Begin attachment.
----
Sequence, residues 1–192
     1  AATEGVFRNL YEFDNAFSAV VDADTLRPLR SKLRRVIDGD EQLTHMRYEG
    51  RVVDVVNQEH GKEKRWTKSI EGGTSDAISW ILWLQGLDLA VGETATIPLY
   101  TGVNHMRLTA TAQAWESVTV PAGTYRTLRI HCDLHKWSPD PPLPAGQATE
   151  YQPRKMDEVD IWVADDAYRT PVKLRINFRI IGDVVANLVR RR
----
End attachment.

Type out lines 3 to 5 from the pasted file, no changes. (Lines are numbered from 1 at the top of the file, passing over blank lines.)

    51  RVVDVVNQEH GKEKRWTKSI EGGTSDAISW ILWLQGLDLA VGETATIPLY
   101  TGVNHMRLTA TAQAWESVTV PAGTYRTLRI HCDLHKWSPD PPLPAGQATE
   151  YQPRKMDEVD IWVADDAYRT PVKLRINFRI IGDVVANLVR RR